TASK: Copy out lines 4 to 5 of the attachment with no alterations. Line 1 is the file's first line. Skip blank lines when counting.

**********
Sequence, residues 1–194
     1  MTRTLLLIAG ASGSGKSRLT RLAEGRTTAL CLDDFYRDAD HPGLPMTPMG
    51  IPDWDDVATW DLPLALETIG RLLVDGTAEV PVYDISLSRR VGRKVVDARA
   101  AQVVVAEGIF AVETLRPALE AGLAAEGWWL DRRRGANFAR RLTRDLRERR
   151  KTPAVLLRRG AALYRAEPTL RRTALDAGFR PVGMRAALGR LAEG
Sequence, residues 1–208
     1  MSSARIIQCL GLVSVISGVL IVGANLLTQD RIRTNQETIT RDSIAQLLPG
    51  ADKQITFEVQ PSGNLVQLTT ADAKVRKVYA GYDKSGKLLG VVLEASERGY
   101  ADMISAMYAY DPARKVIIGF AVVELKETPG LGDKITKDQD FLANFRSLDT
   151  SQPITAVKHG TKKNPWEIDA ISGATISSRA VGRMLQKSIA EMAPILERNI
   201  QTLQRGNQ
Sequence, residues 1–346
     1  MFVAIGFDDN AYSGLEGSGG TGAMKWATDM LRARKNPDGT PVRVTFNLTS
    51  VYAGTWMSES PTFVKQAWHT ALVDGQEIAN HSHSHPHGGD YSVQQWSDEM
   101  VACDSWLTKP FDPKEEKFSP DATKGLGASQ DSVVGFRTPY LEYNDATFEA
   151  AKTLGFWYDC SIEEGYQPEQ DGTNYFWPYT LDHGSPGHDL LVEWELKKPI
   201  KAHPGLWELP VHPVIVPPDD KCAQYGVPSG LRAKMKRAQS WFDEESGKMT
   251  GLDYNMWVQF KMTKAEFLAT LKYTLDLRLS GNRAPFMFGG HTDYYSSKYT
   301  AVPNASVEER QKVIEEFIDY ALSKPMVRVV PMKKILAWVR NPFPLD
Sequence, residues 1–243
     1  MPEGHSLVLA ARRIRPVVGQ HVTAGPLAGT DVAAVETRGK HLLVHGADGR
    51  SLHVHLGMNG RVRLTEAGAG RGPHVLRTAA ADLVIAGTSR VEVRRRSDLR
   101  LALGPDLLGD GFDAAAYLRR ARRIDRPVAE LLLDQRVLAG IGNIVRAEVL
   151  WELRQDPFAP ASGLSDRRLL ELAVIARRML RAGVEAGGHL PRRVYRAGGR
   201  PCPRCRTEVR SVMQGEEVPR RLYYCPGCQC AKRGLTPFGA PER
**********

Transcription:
   101  AQVVVAEGIF AVETLRPALE AGLAAEGWWL DRRRGANFAR RLTRDLRERR
   151  KTPAVLLRRG AALYRAEPTL RRTALDAGFR PVGMRAALGR LAEG